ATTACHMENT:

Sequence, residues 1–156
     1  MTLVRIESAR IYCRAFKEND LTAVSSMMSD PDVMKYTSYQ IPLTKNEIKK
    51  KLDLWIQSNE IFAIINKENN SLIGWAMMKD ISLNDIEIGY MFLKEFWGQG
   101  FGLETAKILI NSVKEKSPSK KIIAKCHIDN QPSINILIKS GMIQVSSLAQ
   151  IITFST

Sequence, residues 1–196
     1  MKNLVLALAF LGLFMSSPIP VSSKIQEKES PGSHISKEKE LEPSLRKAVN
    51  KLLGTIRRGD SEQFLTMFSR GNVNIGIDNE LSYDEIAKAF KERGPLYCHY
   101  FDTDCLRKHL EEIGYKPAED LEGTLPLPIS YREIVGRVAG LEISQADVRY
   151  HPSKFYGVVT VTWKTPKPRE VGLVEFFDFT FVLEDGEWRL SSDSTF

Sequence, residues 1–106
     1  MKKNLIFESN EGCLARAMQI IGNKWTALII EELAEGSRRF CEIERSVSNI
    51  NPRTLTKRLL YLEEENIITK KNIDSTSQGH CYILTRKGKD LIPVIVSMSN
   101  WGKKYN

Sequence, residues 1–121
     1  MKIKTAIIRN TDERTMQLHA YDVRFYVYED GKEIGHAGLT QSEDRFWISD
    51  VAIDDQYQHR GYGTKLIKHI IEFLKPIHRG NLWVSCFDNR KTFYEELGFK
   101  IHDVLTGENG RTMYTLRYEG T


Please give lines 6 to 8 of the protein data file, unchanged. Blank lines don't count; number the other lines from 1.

Sequence, residues 1–196
     1  MKNLVLALAF LGLFMSSPIP VSSKIQEKES PGSHISKEKE LEPSLRKAVN
    51  KLLGTIRRGD SEQFLTMFSR GNVNIGIDNE LSYDEIAKAF KERGPLYCHY